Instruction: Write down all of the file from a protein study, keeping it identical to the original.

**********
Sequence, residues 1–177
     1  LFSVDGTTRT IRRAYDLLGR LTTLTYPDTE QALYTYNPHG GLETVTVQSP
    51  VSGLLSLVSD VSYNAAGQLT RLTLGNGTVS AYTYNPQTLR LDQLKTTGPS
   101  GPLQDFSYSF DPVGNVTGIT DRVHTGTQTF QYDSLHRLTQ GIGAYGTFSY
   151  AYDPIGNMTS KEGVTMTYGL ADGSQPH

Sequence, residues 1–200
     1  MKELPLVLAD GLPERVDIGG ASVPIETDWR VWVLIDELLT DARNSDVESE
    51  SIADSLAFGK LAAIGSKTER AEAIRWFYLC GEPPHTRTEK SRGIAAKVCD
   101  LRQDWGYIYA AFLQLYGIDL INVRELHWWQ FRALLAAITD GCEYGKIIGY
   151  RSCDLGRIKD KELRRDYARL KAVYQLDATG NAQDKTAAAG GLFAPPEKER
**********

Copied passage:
Sequence, residues 1–177
     1  LFSVDGTTRT IRRAYDLLGR LTTLTYPDTE QALYTYNPHG GLETVTVQSP
    51  VSGLLSLVSD VSYNAAGQLT RLTLGNGTVS AYTYNPQTLR LDQLKTTGPS
   101  GPLQDFSYSF DPVGNVTGIT DRVHTGTQTF QYDSLHRLTQ GIGAYGTFSY
   151  AYDPIGNMTS KEGVTMTYGL ADGSQPH

Sequence, residues 1–200
     1  MKELPLVLAD GLPERVDIGG ASVPIETDWR VWVLIDELLT DARNSDVESE
    51  SIADSLAFGK LAAIGSKTER AEAIRWFYLC GEPPHTRTEK SRGIAAKVCD
   101  LRQDWGYIYA AFLQLYGIDL INVRELHWWQ FRALLAAITD GCEYGKIIGY
   151  RSCDLGRIKD KELRRDYARL KAVYQLDATG NAQDKTAAAG GLFAPPEKER